Double unders are a must-have skill for any CrossFitter. They’re a great way to improve your cardiovascular fitness and coordination. They are also a lot of fun!
But let’s be honest, they can also be really frustrating when you can’t seem to get them right. That’s why I’m here to give you three tips that will help you improve your double under technique.
Three tips to improve your double under technique are:
- Don’t jump like a dummy
- Use your wrists and forearms
- Check your rope
Ready? Great, let’s break down the details.
Tip one: Don’t jump like a dummy
My first double unders tip is don’t jump like a dummy!
I know it seems crazy, but for whatever reason, when people have a jump rope in their hand, their jump mechanics go completely out of the window.
If I told you to jump up and down repeatedly, the chances are you’d do it by jumping up vertically about 5 inches into the air - that’s how it’s meant to be done.
But throw a rope into the mix, and this basic form gets completely derailed for some athletes.
I’ve seen pike jumping, donkey kicking, and just about everything in between.
So, how do you avoid this?
All you need to do is jump like you normally would.
To not jump like a dummy:
- Keep your torso vertical
- Look straight ahead
- Bend your knees slightly
- Keep toes pointed at the ground
By allowing your toes to stay pointed at the ground, you can rebound really easily. Keeping your knees softly and tucking them slightly with each jump also enables you to set yourself up for the next rep.
If you can do all of this, then you have what it takes to jump for double unders; you just have to make sure that once the rope is in your hand, it doesn’t go out the window.
Tip two: use your wrists and forearms
Tip number two in our double under breakdown is to use your wrist and forearms to spin the rope - not your shoulders.
A common problem that people run into when they do double unders is they immediately tense up, widen their hands, and they try to spin the rope by flailing their entire arms around - moving your arms like this is exhausting.
To get the right action out of the rope, stay relaxed and avoid fatiguing too quickly; instead of straight arming the rope, make sure your elbows stay bent with your shoulders relaxed. Then to get the rope to spin, you just need gently move your forearms and wrists up and down.
To get the double under cadence right, you need to do this in twos, with a very slight pause between each of these doubles.
Your hands and forearms positioning should be slightly in front of your body. At no point when you’re doing double unders should your hands go behind your hip bones.
If you’re spinning the rope properly, and you have the right control over it by focusing on just your forearm and wrist flick, you should be able to whip that rope around without much effort and without needing to flail your arms around crazily.
Tip three: check your rope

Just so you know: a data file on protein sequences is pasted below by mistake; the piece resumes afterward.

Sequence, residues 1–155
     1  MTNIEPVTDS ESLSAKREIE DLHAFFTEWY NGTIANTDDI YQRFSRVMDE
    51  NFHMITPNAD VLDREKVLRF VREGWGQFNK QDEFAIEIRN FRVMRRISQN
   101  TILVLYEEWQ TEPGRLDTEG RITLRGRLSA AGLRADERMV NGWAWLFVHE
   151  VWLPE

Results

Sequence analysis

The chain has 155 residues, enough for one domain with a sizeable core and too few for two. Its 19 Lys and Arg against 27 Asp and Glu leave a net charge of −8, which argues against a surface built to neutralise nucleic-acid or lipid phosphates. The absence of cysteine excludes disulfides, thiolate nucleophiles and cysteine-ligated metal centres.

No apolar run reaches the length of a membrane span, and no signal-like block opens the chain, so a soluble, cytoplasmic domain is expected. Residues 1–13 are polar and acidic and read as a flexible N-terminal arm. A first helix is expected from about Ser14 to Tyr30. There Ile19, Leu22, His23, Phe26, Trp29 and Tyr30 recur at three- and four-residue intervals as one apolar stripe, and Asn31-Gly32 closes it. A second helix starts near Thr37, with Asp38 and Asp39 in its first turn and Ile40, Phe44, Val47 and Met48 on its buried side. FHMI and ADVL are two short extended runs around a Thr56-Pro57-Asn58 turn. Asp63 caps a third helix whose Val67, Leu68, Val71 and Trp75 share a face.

Tip number three is you need to check your rope.
The length of your rope is the thing that will usually be the thing that matters the most about your rope jump.
Too short, and you could end up tripping. Too long, and you’re going to struggle to keep your double unders efficient, and it can come back up and hit your feet or just drag across the ground for way too long, messing up your jump.
There’s no one size fits all when it comes to rope length - regardless of how tall you are or how long your arms are, it doesn’t really matter because everyone’s different.
As a general rule, your rope should click the ground ever so slightly as it hits the ground a few inches in front of you - listen out for it.
If it doesn’t, or you have a hard time getting it to make contact with the ground, it’s probably too short. If your rope slaps the ground really hard every time it travels round, it could be too long.
The more efficient you are at jump rope, the shorter your rope will be because your hands will be really low. So if you’re starting out, you may need to opt for a slightly longer rope.
As well as listening for that clicking sound, I would recommend filming yourself in ultra slow motion - something you can do on pretty much every smartphone nowadays. This will help to give you a much better idea of whether your rope is the right length for you.
Another thing to look out for when watching yourself jump in slow motion is to check if your rope has an arc shape. It should maintain a nice, tight U-shape as it spins around your body.
If you’re noticing that the rope is losing its shape and going crazy as you’re spinning it, that means that you’re probably not keeping tension on the rope, and it could mean that you need to go with a rope that has a slightly heavier cable.
And there you have your three tips for mastering your double unders! Give them a go, and I guarantee you’ll be well on your way to perfecting your double unders.
If you’re someone that wants to improve your double unders even faster, we have a completely free double unders training guide for you.Or, if you’re ready to take your double unders to the next level, I have a fanatics course called double unders unleashed. This is a full-blown coaching course where we guarantee you’ll learn and improve your double unders in eight weeks or less - check it out!